Child Soldiers International’s briefing on child soldiers in the Myanmar military, also released today, shows that children continue to be unlawfully recruited into the ranks of the Tatmadaw Kyi, although reported numbers of new recruitment cases are significantly lower in comparison to previous years. From January to April 2015, 14 cases of ‘suspected minors’ were reported to the UN Country Task Force for Monitoring and Reporting (CTFMR) but few of these were recruited during that period.

Information received by Child Soldiers International shows that owing to on-going conflicts new recruits, both adults and children, continue to be deployed to the front lines, more recently in the southern Shan state. In addition, use of underage children by the military other than deployment in the front lines has been reported in Shan, Chin and Mon state. Patterns of use of children have been reported from Arakan state since 2013, where members of the Rohingya community are specifically targeted. Although, as “non-citizens”, they cannot be recruited into the army, the use of members of the Rohingya community as forced labour by Myanmar security forces, including the Border Guard Police, has been documented.

Military officers and civilian brokers continue to use deliberate misrepresentation, intimidation, coercion and enticement to obtain new recruits, including under-18s. Civilian brokers are known to frequently recruit boys under false pretenses, often offering them a different job, such as a driver. While representatives from the Myanmar military have strongly denied the prevalence of this practice, Child Soldiers International’s research found that an unofficial system of incentives to reward recruiters and punishments for failure to meet recruitment targets still exists at the battalion level. Bonuses in cash or in kind are also known to be provided to recruiters for exceeding recruitment targets and, in some cases, serving soldiers who want to leave the army are told that they will only be discharged if they find new recruits.

A total of 646 children and young people have so far been released from the Tatmadaw Kyi under the Joint Action Plan signed with the UN in June 2012. These include 93 released since the beginning of 2015. A majority of these cases are identified through complaints of underage recruitment made to a public hotline number.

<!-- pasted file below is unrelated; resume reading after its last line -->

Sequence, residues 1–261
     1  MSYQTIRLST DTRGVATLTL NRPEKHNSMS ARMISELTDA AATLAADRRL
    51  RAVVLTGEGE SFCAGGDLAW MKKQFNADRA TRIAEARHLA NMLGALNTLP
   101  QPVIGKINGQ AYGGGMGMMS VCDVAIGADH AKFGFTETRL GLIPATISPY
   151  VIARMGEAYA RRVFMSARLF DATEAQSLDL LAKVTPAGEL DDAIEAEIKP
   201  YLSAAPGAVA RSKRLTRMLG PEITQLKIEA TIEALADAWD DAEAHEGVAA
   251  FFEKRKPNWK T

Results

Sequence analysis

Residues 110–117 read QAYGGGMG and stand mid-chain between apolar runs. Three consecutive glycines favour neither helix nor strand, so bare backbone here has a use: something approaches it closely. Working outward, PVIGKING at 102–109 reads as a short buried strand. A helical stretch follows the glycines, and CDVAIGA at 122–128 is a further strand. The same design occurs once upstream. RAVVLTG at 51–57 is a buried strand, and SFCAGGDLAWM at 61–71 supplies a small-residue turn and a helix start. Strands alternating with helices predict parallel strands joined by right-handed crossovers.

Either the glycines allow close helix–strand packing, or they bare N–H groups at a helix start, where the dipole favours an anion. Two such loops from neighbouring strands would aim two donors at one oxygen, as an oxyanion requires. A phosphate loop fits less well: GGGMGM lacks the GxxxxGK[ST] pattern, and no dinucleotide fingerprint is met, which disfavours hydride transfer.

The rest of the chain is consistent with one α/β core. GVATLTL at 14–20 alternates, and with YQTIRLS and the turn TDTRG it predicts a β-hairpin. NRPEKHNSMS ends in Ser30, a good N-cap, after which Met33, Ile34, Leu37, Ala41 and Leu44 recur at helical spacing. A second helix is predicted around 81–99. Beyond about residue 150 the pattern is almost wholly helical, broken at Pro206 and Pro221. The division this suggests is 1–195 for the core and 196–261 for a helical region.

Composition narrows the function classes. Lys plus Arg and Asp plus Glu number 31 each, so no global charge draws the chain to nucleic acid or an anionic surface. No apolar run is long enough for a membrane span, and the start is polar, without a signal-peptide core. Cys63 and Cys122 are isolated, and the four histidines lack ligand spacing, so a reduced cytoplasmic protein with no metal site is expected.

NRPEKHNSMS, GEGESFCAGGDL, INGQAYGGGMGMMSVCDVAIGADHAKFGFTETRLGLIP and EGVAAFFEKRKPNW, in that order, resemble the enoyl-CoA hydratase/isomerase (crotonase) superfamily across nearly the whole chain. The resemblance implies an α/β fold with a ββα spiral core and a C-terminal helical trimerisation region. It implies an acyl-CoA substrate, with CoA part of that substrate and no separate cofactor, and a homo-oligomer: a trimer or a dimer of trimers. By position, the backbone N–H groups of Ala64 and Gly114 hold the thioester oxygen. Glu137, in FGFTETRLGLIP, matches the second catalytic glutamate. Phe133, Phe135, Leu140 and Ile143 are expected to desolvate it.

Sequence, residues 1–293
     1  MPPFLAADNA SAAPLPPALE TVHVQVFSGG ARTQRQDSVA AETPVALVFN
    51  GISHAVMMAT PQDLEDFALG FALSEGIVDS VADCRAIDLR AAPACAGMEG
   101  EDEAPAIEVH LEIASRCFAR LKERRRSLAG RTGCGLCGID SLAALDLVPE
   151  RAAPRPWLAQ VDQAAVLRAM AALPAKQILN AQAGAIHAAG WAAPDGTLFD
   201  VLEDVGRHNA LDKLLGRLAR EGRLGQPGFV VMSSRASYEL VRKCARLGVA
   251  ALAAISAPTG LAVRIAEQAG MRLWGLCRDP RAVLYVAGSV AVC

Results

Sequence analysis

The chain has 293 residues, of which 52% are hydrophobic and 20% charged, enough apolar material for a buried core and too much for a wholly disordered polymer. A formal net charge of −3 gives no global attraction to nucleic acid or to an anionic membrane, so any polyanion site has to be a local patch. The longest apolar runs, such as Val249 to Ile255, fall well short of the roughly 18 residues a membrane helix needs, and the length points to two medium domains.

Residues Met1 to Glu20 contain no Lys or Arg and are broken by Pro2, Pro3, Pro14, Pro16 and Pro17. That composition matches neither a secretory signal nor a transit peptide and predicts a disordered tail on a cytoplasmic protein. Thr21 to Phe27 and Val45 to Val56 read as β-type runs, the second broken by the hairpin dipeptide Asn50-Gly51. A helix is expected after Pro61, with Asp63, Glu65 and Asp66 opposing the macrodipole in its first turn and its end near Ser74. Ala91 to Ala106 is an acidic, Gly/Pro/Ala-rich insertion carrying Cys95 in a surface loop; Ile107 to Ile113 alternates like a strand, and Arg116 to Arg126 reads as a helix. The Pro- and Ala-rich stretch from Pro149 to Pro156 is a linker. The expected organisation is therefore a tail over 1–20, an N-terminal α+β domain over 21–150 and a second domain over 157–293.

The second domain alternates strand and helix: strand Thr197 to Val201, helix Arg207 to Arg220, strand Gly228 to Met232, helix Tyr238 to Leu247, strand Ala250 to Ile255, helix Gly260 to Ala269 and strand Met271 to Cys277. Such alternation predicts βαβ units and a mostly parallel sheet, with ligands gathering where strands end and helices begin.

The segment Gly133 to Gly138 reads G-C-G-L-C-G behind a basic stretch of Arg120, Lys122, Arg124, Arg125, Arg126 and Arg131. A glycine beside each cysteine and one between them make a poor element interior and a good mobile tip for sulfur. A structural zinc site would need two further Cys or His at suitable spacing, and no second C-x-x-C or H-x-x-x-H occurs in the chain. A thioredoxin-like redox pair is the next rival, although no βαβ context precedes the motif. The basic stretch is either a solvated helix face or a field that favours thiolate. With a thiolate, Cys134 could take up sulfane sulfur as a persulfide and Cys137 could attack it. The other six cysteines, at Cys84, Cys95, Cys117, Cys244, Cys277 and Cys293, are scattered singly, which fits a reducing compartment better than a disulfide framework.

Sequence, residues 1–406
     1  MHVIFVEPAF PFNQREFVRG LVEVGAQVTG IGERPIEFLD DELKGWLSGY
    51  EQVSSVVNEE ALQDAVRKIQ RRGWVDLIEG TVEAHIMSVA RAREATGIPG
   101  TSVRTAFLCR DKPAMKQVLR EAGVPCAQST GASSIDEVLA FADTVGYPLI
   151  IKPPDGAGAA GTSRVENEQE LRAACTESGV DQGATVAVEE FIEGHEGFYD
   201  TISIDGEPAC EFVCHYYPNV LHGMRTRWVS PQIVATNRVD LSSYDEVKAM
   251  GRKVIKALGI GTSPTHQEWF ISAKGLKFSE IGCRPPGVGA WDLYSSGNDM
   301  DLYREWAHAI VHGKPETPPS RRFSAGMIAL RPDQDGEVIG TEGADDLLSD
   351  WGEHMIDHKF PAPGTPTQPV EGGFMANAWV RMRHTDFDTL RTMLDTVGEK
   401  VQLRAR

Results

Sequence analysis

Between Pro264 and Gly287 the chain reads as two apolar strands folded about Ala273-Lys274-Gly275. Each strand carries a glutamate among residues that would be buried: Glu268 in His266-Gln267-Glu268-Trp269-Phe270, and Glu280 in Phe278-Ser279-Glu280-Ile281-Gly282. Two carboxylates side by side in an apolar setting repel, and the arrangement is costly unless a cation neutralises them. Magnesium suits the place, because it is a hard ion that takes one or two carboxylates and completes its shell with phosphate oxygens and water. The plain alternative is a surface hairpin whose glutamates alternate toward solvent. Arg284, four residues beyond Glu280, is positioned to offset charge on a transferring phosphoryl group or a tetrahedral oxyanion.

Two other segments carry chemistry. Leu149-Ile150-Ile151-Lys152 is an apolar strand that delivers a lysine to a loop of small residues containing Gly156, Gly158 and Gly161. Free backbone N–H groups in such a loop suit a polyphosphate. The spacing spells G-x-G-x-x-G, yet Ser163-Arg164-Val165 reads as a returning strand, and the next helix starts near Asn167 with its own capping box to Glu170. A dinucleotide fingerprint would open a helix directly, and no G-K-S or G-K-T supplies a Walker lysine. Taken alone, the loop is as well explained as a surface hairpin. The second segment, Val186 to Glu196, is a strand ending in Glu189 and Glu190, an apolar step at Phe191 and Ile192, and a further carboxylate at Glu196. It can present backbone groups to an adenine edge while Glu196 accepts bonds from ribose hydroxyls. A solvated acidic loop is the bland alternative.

The Myanmar military is required to follow agreed protocols for identifying underage recruits within their ranks. In practice, children who have come forward and identified themselves as underage have been threatened, beaten, hand-cuffed and on occasion forced to take on duties involving hard labour after they have presented themselves.
“Undoubtedly the Myanmar government has taken some positive steps: it has spread greater awareness on the unlawfulness of child recruitment; it has tried to streamline recruitment practices and held some of those responsible for child recruitment accountable”, said Hogg. “However, children continue to be among those forcibly recruited, as they are easier to trick and more susceptible to pressure to enlist,” she added.

Children who escape from the Tatmadaw Kyi continue to be detained and treated like adult deserters. While commitments and policy directives against the practice have been issued at higher levels of the government, this practice is not supported at the level of battalions and regiments, where such arrests continue to take place. Children arrested in this manner are charged with “desertion/Absent Without Official Leave (AWOL)” and also for “criminal action”. In 2014, the International Labour Organisation via its Complaint Mechanism on forced labour received 52 cases of children who fled the Tatmadaw Kyi and were declared “deserters”. Out of these, at least 13 were arrested, charged with desertion and imprisoned.

While some steps have been taken to strengthen recruitment procedures into the Tatmadaw Kyi to prevent underage recruitment, the fact that recruitment occurs in various smaller recruitment units across the country makes effective implementation and controls difficult. Implementation of these measures needs to be routinely monitored and verified by members of the UN CTFMR, for which access remains a crucial requirement. No steps have been initiated to ensure that preventative mechanisms are instituted in the Border Guard Forces (BGFs), which operate under the control of the Tatmadaw Kyi and are within the remit of the Joint Action Plan, including by implementing documentation and screening procedures for entry into their ranks.

Download the full press statement here.

Download the full briefer here.